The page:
‘All Things Counter, Original, Spare, Strange…’
In a well-known Taoist story, retold from Chuang Tzu by N. Kathleen Hayles in her book Chaos and Order, “Shu (Brief) and Hu (Sudden) go to visit Hun-dun (Chaos), who graciously offers them his hospitality. Observing that Hun-dun lacks the seven openings through which men see, hear, eat and breathe, Shu and Hu determine to create them. Each day they bore a new hole. On the seventh day, Hun-dun dies.”1
Although surely unintentional, it’s a beautiful inversion of the Biblical creation story, where on the seventh day God rests from his labors of dividing light from dark and in this way imposing order on chaos. Not surprisingly, in the west this “defeat” of Hun-dun has frequently been understood as a triumph of good over evil.
In Chuang Tzu, however, the story has a different moral.
Hun-dun has no openings; he cannot be penetrated. Shu and Hu see this as a problem in Hun-Dun, whom they cannot understand according to their old categories. How, after all, do you make sense of that which has no senses when it’s through the senses that we learn to make sense? But Hun-dun is not to be grasped. As N.J.Girardot says, he “is not so much a word but a way, or ways, of viewing the world.”2
Scholars suggest that the word Hun-dun resembles the words tao and wu—usually translated as “nothingness.” But rather than being void of substance and without creative potential, this emptiness contains all plenitude. “Chaos” is implicit in creation just as all creativity involves chaos—as both artist and scientist know. Creation emerged out of chaos, Eugene Eoyang concludes;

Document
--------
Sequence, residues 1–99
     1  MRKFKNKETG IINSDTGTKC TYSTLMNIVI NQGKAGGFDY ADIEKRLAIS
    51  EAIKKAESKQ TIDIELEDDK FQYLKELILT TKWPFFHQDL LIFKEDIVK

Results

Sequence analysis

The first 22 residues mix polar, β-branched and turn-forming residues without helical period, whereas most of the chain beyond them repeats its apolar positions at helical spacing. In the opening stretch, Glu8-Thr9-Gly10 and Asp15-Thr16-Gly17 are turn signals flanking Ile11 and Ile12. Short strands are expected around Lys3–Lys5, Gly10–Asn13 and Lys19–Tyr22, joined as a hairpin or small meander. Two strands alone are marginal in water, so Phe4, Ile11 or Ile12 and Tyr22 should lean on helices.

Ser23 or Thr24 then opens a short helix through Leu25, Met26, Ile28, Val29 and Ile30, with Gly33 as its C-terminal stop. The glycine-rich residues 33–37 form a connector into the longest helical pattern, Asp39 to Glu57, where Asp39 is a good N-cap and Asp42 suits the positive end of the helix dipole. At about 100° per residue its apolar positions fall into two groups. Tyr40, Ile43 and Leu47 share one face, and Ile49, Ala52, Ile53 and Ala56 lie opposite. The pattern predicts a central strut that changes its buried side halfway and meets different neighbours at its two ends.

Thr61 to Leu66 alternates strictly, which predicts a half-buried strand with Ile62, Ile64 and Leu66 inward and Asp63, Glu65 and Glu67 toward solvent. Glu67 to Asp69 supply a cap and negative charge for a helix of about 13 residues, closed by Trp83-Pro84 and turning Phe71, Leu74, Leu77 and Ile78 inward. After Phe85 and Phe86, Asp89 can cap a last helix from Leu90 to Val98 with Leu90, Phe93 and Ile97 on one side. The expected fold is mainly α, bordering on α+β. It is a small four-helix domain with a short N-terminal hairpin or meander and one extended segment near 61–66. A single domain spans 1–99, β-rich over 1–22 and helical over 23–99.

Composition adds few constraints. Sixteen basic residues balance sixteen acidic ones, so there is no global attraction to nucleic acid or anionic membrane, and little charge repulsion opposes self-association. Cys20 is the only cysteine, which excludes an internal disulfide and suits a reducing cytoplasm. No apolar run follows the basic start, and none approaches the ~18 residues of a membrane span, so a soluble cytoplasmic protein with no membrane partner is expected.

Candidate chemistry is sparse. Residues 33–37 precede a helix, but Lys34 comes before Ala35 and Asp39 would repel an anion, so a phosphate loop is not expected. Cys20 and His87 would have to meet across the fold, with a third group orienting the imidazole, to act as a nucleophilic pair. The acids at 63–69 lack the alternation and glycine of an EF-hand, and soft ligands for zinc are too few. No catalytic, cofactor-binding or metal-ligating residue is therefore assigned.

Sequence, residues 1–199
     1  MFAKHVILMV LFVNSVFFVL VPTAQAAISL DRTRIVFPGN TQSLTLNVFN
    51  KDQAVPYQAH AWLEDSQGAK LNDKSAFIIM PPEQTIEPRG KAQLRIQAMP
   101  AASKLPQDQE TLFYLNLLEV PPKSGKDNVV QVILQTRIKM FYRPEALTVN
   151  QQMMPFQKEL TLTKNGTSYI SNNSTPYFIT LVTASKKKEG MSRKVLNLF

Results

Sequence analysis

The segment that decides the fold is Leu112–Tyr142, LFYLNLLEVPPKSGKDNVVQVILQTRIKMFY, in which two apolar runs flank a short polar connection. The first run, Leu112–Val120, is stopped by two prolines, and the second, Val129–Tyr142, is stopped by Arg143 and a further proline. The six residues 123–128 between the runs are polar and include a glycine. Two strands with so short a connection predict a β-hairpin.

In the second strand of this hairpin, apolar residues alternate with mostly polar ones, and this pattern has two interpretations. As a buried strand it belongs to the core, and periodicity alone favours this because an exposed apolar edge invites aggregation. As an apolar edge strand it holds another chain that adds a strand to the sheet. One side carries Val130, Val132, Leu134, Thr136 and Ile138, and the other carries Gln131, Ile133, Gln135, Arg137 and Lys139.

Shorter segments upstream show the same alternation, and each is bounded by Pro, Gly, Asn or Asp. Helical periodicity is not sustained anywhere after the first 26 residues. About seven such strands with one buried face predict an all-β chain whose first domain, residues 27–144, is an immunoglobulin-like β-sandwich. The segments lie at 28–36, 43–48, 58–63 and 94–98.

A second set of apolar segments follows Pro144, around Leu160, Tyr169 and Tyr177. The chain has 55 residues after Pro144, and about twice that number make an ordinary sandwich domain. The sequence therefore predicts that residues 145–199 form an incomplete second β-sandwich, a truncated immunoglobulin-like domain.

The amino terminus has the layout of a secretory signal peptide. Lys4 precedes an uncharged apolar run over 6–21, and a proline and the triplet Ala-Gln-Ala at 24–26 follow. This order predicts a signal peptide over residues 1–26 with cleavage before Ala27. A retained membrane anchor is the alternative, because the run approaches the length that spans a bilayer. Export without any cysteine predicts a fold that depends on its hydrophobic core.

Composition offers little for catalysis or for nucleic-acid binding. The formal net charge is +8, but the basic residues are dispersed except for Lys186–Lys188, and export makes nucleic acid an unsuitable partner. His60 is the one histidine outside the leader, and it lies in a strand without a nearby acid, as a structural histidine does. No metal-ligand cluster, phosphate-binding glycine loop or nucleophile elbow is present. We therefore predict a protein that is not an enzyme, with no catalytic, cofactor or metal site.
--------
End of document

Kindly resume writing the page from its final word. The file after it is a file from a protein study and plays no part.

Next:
In this vision the relationship between chaos and creation is profoundly intimate; one flows from the other and is generated by the other continually, a dance reflected in the onomatopoetic name of Hun-dun, which “involves two words with the water radical: the rhymed compound conveys the sense of the turbulence, the whirling action of water currents, the turbid flowing, yet unfathomable rhythms of swirling action.”4
We find this same relationship everywhere in nature and in art. Consider the idea of syncopation: it’s a brief break in rhythm, a weak beat between two strong beats creating a new rhythm through its relationship to the order surrounding it—a musical version of the relationship between yin and yang, visually expressed in the strong and weak lines in the I Ching.
“We are here because of the broken symmetries,” science writer George Johnson similarly suggests:
“In a perfect, undifferentiated world,” Johnson concludes, “we wouldn’t exist.”
It’s a Thursday afternoon in March as I sit at the B&O Espresso in Seattle and follow these tracks. The Beatles play in the background.
And why you lied to me
I glance outside and see a young woman standing at the corner waiting for the flow of traffic to break. The wind blows back her hair; one hand is in the pocket of her jeans as she twirls her keys with the other. She watches the cars go by, her eyes following the curve of the road down a hill created millennia ago by glaciers, a hill recently walked by the Duwamish on their way to what we now call Puget Sound.
The song plays on. Clouds move slowly across the sky.
I randomly open Joseph Heller’s Bodywise and read about balance, how most of us achieve it only through effort: our balance, he says, is really “a resistance to falling over.” But this is not balance. This is “a state of contraction, of holding things together so they will not fall apart.”6
We think of justice as balance, Heller writes, as in a set of scales “poised and standing still between two extremes.” But this too gives a false image: “In reality, equally weighted and balanced scales sway constantly, gently, and gracefully about their middle point.” Balance is found in motion, as we understand when we learn to ride a bike. “Balance is not a static condition, but a process of constant flux, a fluid expression of wholeness and ease.”